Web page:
You’ve written several sci-fi books. Your latest, From Ice to Ashes, just came out on Tuesday. Can you tell us about it?
Sure. So, From Ice to Ashes is really about the birth of a rebellion on an offworld colony on Titan whose people have been constantly taken advantage of by their corporate owners. A pretty classic sci-fi premise right? What I hope sets it apart is the perspective. The story is told firsthand by a young offworlder who is only interested in getting the money to save his mother. So the arc his life takes is pretty powerful. I wanted to tell the story of Darth Vader, if you will. The fall of a good man due to war and horror and loss against his own best intentions.
From Ice to Ashes is set in the same universe as Titanborn. Do you consider From Ice to Ashes a sequel to Titanborn? Do you recommend readers read Titanborn first?
I consider it a sister novel, if that makes sense. You can read either story first as they standalone, but they add a ton to each other as a whole as far as building the world. Titanborn stars a bounty hunter working for the corporation which runs Titan and gets caught up in bringing down offworld terrorists on Titan. From Ice to Ashes is from the complete opposite perspective. It’s told by someone who gets involved with those “terrorists”. So together they complete a story about the birth of a rebellion, and you begin to see that nobody is really a villain.
Titanborn was clearly influenced by Philip Dick’s Do Androids Dream of Electric Sheep and Blade Runner. Many other sci-fi books share those two works as inspirations, including my own The Big Sheep. What is it about DADOES and Blade Runner that inspires so many authors?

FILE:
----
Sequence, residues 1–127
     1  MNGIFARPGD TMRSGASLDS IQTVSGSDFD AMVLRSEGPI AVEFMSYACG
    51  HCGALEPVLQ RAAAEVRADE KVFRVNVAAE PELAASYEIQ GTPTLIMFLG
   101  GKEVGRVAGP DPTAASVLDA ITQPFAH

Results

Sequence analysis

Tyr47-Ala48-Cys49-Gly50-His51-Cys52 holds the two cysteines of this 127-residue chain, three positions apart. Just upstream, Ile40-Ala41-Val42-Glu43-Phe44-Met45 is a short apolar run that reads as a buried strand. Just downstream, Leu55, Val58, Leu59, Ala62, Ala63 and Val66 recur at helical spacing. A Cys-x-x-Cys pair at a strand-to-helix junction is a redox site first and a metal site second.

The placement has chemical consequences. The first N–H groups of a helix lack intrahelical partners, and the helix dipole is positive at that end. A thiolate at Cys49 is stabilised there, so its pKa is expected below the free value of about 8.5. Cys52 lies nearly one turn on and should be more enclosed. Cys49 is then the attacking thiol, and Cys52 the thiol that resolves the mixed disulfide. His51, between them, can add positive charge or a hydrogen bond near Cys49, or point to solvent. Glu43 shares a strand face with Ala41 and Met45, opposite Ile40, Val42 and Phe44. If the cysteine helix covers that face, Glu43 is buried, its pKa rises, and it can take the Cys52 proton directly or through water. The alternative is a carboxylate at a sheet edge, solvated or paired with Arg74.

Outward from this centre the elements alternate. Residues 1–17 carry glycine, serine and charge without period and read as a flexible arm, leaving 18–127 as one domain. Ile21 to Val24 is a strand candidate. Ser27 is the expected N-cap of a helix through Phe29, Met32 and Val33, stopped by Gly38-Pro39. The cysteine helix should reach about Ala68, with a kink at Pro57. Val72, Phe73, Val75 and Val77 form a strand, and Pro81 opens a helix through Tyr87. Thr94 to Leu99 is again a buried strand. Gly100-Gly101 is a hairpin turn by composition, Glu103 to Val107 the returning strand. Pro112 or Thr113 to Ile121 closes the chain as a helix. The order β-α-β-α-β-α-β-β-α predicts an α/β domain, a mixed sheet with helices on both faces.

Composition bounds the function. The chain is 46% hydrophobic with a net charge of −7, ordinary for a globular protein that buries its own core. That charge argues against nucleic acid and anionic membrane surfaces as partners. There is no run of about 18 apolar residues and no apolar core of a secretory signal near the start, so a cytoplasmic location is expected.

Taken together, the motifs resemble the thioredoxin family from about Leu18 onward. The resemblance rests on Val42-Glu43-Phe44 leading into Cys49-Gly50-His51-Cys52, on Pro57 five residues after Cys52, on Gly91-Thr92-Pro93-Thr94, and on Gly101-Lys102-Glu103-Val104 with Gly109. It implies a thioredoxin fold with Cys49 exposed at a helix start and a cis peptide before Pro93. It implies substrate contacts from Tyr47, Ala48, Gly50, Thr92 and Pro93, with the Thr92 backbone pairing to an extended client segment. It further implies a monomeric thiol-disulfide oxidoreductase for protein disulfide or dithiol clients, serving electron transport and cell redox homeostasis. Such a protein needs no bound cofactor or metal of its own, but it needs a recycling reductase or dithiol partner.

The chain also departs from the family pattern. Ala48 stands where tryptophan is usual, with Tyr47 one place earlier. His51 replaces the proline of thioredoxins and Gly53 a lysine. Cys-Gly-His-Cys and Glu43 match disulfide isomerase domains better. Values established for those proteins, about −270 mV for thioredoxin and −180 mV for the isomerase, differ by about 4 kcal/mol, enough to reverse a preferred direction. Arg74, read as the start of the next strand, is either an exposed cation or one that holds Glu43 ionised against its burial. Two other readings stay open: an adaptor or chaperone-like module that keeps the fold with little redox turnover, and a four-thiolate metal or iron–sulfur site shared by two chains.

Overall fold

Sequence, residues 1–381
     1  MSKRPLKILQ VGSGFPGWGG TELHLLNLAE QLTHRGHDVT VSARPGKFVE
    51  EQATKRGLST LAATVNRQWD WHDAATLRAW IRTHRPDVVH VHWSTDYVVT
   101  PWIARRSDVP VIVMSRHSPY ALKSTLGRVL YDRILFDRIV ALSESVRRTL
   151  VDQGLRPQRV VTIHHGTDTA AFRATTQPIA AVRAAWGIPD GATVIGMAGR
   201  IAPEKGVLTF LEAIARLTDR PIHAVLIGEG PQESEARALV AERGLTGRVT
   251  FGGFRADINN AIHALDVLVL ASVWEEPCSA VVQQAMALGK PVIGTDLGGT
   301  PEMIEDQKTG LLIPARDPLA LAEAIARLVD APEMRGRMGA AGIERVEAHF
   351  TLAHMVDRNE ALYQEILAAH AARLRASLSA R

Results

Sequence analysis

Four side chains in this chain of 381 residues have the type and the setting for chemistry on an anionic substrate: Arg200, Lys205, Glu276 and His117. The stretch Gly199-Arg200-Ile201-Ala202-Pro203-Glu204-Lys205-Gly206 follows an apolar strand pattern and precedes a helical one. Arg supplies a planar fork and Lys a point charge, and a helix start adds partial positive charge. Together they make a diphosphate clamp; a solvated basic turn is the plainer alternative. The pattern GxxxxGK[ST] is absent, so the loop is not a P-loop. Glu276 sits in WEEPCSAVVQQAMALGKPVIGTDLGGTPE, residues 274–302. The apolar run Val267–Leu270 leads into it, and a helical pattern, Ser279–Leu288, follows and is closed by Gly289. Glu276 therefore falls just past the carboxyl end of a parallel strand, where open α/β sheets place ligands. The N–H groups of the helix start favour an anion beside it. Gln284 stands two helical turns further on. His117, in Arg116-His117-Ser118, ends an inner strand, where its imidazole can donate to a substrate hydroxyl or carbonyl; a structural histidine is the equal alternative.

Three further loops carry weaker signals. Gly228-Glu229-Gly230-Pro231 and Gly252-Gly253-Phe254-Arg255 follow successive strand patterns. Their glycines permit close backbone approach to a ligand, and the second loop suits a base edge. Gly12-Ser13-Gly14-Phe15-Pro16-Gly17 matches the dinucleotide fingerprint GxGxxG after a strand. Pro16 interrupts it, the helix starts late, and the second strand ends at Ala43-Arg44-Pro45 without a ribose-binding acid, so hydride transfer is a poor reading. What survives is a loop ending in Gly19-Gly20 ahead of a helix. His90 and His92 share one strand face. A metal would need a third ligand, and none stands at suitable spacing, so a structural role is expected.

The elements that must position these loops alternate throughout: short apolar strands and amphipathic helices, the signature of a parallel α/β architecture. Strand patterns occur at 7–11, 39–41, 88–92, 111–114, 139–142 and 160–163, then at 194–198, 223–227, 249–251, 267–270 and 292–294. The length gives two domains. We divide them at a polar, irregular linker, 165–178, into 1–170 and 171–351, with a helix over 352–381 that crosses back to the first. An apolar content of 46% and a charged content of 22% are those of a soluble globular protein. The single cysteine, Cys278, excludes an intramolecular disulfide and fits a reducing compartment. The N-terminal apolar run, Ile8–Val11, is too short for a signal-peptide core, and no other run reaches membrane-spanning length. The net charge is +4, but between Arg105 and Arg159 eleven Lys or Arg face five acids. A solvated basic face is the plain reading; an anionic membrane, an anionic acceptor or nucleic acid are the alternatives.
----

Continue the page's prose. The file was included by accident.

I think it’s the world. I’m more impacted by Blade Runner as I saw that before I read the book. It speaks to how influential it is since I was born in 1990 after it was even made ha. I don’t think it’s even the story that grabs people, but in my opinion it is the base for any world featuring a scifi detective. It essentially created that sub-genre. And despite being so old, in my opinion, no other movie has captured a “realistic” future world like Blade Runner. I can watch all the modern scifi movies I want with their amazing effects but I always feel like they’re effects. Never has a movie made me feel like I was “there” in a possible future, like Blade Runner. The life-worn detective chasing rogue androids is just a bonus.
It’s funny, I was never that into reading growing up. I think school really turned me off to it by forcing us to read certain things which I had no interest in. My favorites growing up that I can think of are the Chronicles of Narnia (duh) and Robert E Howard. It wasn’t until the end of high school when I chose to read The Road that I really got back into reading, and that book opened my eyes to trying to write science fiction. I always loved that genre in movies and video games and I think those were the foundation for me when I started to write.
In addition to being an author, you have a day job as an architect. That’s an interesting juxtaposition to me, because a lot of writers talk about novels in vaguely architectural terms, e.g. “framework”, “plot structure”, “character arc”, etc. Does your proficiency in architecture affect the way you write? Are you one of those novelists who has to have every little detail mapped out before you actually start writing?